The two groups hold opposing theological views that bear out in how they practice their faiths. Evangelicals value worship attendance more than mainliners and a much higher percentage attend regularly than mainline young adults. Evangelicals testify to a strong sense of God’s personal and active guiding presence in their daily lives. The authors observe, “[Evangelicals] share an unwavering commitment to Jesus Christ as savior and to the Bible as God’s revelation.”
Mainline young adults, on the other hand, like it that their congregations don’t pressure them about worship attendance. They pick their churches for the welcome and sense of community and for commitments to justice efforts that match their values. They think of God as a spiritual force, not as a person. They reject “literalist” interpretations of the Bible, but also admit that they don’t read it that much. Contrary to seeing Christ as savior, mainliners value Jesus for other reasons. They believe that it is important — virtually a moral imperative — to have freedom to choose their own religious beliefs. Drawing from several religious traditions is an acceptable option in belief formation.
These descriptions of evangelical and mainline Protestant 20-somethings reveal two visions of the Christian life that simply do not go together. These young people would willingly visit one another’s churches, but they would not join. Their beliefs and values are simply too divergent; they effectively participate in two different faiths. They mirror our differences because they are part of us.
The objection that their differences prove why we should adopt the “stay together” position fails to acknowledge how doctrine works. More importantly, we can see on further reflection that the initial, surface-level sociological understanding of “church” falls away to reveal a dominant working theology. Unless someone can show otherwise, this normative view legitimizes ultimately opposing views of the Christian life.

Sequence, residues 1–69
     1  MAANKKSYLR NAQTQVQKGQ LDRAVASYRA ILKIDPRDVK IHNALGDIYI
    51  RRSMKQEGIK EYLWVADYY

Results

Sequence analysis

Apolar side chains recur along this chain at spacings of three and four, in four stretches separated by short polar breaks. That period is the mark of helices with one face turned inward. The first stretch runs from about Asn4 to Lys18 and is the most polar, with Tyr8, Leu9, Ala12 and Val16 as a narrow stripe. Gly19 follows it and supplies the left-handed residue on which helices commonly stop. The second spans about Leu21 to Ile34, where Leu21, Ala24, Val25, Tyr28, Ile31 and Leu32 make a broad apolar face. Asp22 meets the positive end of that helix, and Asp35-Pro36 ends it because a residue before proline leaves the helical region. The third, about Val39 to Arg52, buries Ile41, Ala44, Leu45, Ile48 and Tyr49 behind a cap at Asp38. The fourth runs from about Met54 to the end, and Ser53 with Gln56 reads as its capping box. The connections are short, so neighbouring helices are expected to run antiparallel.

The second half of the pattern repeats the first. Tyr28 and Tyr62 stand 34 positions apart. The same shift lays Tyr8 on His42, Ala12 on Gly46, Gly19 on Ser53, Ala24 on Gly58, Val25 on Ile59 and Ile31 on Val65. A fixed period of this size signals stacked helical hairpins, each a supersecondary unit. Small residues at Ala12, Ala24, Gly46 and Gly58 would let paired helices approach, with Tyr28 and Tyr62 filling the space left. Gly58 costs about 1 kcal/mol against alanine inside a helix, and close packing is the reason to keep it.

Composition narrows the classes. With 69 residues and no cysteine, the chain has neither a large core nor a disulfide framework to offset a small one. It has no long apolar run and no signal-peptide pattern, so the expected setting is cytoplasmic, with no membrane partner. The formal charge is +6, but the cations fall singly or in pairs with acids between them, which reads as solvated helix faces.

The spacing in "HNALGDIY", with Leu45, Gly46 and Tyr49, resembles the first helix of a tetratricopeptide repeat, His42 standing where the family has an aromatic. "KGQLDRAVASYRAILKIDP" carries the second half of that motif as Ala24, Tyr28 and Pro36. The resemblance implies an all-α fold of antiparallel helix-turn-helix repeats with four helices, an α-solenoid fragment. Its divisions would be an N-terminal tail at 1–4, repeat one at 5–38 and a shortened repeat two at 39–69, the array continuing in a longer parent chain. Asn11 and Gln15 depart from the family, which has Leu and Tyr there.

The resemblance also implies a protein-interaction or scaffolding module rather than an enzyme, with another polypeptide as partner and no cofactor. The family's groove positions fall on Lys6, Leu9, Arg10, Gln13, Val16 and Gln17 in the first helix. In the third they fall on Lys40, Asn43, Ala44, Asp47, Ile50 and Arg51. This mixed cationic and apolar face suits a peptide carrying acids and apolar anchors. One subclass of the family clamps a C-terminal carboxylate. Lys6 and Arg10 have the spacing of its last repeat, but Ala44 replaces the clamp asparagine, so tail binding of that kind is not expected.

Is worshipping God as Trinity truly optional? Is Christ as God Incarnate, crucified and raised from the dead as the center and source of the world’s salvation, not fundamental doctrine? Any faith answering yes to these questions is not the historic, ecumenical Christian faith believed, confessed and practiced around the world and across time. It does no good to keep arguing about specific matters of polity if we don’t share a basic common vision of the Christian faith.
We have demonstrated repeatedly that we United Methodists do not all share the same faith — no matter how sincere and culturally valuable certain interpretations may be. I feel only grief in saying so because the path we are on creates all kinds of heartache for people at the local level. Nonetheless, we must be clear about what we believe and who we serve. In that vision, mission is born.
We all answer to the Judge of all who will examine what we have built. May we keep this measure in mind as we humbly, ever so humbly, labor to sort out United Methodism’s future.
Rankin is an author, retired university chaplain at Southern Methodist University and director of the Spiritual Maturity Project.